### Conclusions

#### Automation

The decoding process we've described relies heavily on one's ability to recognize patterns. Can such a procedure be adopted for machine use? I.e. can electronic circuits or computer algorithms be developed that would recognize the patterns of failed decoding checks? the answer to this question is certainly "yes".

We motivate our idea for a decoding algorithm with the following physical idea: Notice that the nine error patterns that we have considered (with one exception) have inherent asymmetries. If we imagined them suspended from their centers in a gravitational field, they have a "heavy side" that would cause them to attain a particular orientation.

In practice, what we need to do is build a function that simulates such a potential and apply group generators (for the symmetry group of the underlying polytope) in such a way as to maximize this potential function. Once we have the error patterns in a well-defined orientation, it is easy to cycle through the list of possible error patterns until we detect one (or in failing to do so, recognize that more errors have occurred than we can correct).

A particularly nice potential function can be gotten from any super-increasing set, e.g. powers of 2, {1,2,4,8,...}. Given a fixed numbering of the faces of the dodecahdron, each pattern of failed decoding checks corresponds to a length 12 vector -- as our potential function we can use the (rational) inner product of this vector with [1,2,4,...,4096]. Because any integer can be expressed in a unique way in terms of subset sums from this set each possible value for the inner product will be achieved k times, where k is the number of symmetries of the pattern.

In an automated algorithm implementing the decoding scheme we have discussed, we would need to fully enumerate the possible patterns of decoding check failures. There are 39 in total -- since four of the nine patterns we have looked at can be modified in several ways.

Our 'patterns of failed decoding checks' are really just the syndromes of the received vector, and our method of decoding really amounts to knowing that there is a particular group (A5) that acts on these syndromes. In ordinary syndrome decoding of the Golay code, one would need to compare the syndrome of a received vector with 212=4096 possible syndromes. In our method we only need compare with 39 possible syndromes -- provided that we can do this comparison 'up to' the action of the group involved. We merely keep track of which permutation we applied to the syndrome in maximizing the potential function, do a table lookup in order to determine the error vector and then apply the inverse of the permutation (in parallel -- to the information and the parity check positions) to this error vector then add the permuted error vector to the received word.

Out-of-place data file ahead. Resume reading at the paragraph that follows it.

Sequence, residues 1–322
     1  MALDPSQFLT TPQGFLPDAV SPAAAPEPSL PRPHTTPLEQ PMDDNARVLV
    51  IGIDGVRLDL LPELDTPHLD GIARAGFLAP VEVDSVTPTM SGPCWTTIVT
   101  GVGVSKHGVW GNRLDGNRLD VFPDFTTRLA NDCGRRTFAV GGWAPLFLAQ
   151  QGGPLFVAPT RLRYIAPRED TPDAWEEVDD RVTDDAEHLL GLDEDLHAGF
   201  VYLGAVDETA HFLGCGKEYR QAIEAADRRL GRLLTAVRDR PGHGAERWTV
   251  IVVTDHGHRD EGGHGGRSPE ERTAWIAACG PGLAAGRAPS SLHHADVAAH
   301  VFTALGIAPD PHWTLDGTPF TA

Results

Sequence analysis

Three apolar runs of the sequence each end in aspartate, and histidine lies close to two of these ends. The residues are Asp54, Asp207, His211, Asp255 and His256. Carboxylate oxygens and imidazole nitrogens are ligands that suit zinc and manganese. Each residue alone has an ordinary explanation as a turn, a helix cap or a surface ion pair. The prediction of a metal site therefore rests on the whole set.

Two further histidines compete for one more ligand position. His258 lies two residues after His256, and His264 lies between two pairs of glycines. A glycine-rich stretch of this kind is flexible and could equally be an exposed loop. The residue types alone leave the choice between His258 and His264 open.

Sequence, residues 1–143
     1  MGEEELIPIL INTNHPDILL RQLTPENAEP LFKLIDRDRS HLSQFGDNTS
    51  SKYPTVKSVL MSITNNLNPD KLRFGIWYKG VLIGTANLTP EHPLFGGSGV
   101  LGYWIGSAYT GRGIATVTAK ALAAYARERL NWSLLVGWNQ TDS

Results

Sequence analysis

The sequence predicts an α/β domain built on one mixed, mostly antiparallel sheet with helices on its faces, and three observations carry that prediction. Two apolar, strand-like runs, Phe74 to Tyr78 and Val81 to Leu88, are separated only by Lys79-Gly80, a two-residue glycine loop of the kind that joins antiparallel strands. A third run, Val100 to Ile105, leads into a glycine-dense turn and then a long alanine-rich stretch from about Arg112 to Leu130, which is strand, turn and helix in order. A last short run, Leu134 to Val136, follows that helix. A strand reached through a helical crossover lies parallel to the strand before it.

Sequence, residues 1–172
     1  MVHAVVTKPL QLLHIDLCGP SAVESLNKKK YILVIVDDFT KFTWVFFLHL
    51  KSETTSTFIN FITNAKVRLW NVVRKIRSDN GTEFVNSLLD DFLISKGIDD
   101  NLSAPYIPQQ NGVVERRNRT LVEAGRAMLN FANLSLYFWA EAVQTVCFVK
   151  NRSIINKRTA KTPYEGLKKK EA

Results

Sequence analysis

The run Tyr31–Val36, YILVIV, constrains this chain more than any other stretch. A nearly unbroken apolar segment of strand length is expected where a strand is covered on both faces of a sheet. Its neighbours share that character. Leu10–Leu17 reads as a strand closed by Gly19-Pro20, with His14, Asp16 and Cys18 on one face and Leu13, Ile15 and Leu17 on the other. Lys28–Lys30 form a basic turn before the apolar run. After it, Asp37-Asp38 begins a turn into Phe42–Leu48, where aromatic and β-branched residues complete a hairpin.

This approach has clear advantages if we consider building codes (for example) from some four dimensional polytopes. A human being would have distinct difficulties "spinning" a given pattern of failed decoding checks under such an object's group in order to recognize it. To a machine the process would involve only slightly greater complexity than for three-dimensional objects.

#### Minimum Weights

In general, there is no way to (deterministically) find the minimum weight of a code without enumerating all codewords. For codes of dimension greater than about 40, this becomes impractical.

When one has knowledge of the group of a code, the calculation of minimal distance can take advantage of this knowledge. Thus an algorithm (essentially Polya counting) computing the minimum distance of the codes we have considered is possible for codes having dimensions much higher than would be practical for generic codes. What we need to enumerate is the set of information vectors that are inequivalent under the action of the symmetry group of our CW complex. For example, returning to the Golay code, there are 12 choose 2 = 66 information vectors having weight 2, but these vectors fall into just three orbits under the action of A5. Similarly, there are 12 choose 3 = 220 information vectors of weight 3, which fall into only 5 orbits under A5. Furthermore, since we can easily tell whether a code of the type under consideration contains the all ones vector -- and the Golay code does -- we need only consider information vectors up to k/2 in weight (the others are complements of these). In the final analysis, we can find the weight distribution of this code by considering only 1+3+5+12+14+24 = 59 vectors, a considerable savings over 4096.

#### Group Theory

From a group theoretic perspective, this construction is interesting because we have built an object whose automorphism group is M24 (the simple group of order 210.33.5.7.11.23 = 244823040) out of an object whose automorphism group is A5. Can this be generalized? I.e. do any of the other sporadic simple groups bear a similar relation to known smaller simple groups?

In [Cu] Curtis describes natural "geometric" generators for the Mathieu groups M12 and M24. M12 (the automorphism group of the extended ternary Golay code of length 12) is constucted from the group of a dodecahedron with certain additional "twists".

The Mathieu group M24 is also constucted geometrically, but in terms of a rather complicated figure (an icosatetrahedron) having 24 heptagonal faces, 56 vertices and 84 edges. If we consider just the vertices and edges, we have a non-planar graph that can be drawn (without crossing lines) on a surface of genus 3. Since this group and the extended binary Golay code are intimately related, it seems natural (in view of our construction) to consider whether there are natural geometric generators for M24 that can be viewed via the dodecahedron.